Thank you. In the early days of record company budgets we almost always went with the brilliant Carlos Grasso. He has a true sense of the surreal, the absurd and easily embraced the irony and bent humor that fit Cracker perfectly. Other American directors did not get us and fought our ideas. We just sensed that he was the right guy. He would come up with even weirder ideas than ours! Just look at the “Low” or “Eurotrash Girl” and later the Sunrise in the Land of Milk and Honey videos. They are like little Fellini films. Carlos has been much imitated over the years.

Cracker also used to do CD tracks where there’s like 45 seconds of silence and then bonus bits– how can you reproduce those Easter egg things, elements of surprise, in a digital download world?

It’s more of a challenge in these days where the album is not treated as a whole nearly as much as it was then. Something has definitely been lost. Being Cracker, we sometimes ignored our major label and snuck songs on the records at mastering without listing them. We did this for ourselves and for the fans. Since you only get paid for nine songs usually, anything else was just a gift for the Crumbs as they call themselves.

Any interesting stories from when you opened for the Dead? Did you take acid and eat peanut butter and banana sandwiches?

We didn’t take acid that I recall, but we did get to meet the very sweet and complimentary Mr Garcia who told David and me that he really liked our version of the Hunter/Garcia song “The Loser” which we recorded for Kerosene Hat. He also told us that he and Bob really liked “Eurotrash Girl.” I remember we said that it would make a great Bob Weir song. I always loved that Bob sang the big story songs like “El Paso” or “Me And My Uncle.” “ETG” is a big story sort of travelogue like that and it’s easy to imagine Weir’s voice doing it! That would have been aces!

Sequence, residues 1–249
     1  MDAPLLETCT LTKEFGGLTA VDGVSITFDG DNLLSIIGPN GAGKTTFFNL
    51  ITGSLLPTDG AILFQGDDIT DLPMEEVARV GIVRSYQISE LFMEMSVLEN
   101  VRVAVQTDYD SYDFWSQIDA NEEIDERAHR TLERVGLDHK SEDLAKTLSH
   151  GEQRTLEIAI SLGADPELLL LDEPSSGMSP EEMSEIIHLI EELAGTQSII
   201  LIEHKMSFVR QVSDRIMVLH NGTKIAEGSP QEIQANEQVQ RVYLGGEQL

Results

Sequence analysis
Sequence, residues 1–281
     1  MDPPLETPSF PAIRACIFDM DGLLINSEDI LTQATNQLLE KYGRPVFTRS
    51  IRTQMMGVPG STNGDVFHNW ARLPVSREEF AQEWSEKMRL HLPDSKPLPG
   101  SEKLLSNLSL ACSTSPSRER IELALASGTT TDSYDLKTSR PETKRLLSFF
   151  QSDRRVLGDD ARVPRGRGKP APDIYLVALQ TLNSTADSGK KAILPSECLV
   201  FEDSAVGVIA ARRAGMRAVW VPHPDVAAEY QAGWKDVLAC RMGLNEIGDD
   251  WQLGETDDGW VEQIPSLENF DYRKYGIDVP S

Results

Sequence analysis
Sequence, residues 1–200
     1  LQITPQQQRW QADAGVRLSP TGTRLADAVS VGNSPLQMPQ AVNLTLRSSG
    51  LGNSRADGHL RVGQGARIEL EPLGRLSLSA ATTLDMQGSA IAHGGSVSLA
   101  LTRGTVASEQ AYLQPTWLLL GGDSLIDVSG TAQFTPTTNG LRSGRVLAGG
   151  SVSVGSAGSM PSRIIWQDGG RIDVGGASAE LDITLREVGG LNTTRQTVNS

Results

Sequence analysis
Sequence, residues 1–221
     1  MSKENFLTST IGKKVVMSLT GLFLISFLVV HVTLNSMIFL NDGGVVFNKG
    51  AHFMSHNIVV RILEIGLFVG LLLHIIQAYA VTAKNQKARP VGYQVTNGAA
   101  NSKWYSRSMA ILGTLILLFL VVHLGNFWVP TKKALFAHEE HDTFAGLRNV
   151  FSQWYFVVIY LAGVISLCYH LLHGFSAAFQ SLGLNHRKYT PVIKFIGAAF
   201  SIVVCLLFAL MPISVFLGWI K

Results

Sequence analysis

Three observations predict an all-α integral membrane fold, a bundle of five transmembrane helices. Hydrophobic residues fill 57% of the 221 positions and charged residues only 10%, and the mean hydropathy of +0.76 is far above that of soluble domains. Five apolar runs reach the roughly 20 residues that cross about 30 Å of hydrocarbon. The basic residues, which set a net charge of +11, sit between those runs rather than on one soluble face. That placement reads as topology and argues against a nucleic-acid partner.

Did you meet Ken Kesey?

No, but that would have been interesting. Even though we were just kids when the Dead were around that Merry Pranksters scene I remember that later when David and I met we were both pretty aware of that culture from reading about it and talked about it as compared to the punk culture that we were part of as young guys. Both scenes were counterculture and more than a little political and had more in common than most people would think. The DIY part of it was never lost on us. We got it.

How many guitars do you own, and in twenty words or less, tell us what your favorite thing is about each one. (20 words. per guitar).

I own nine guitars….this will be a little tough but here goes.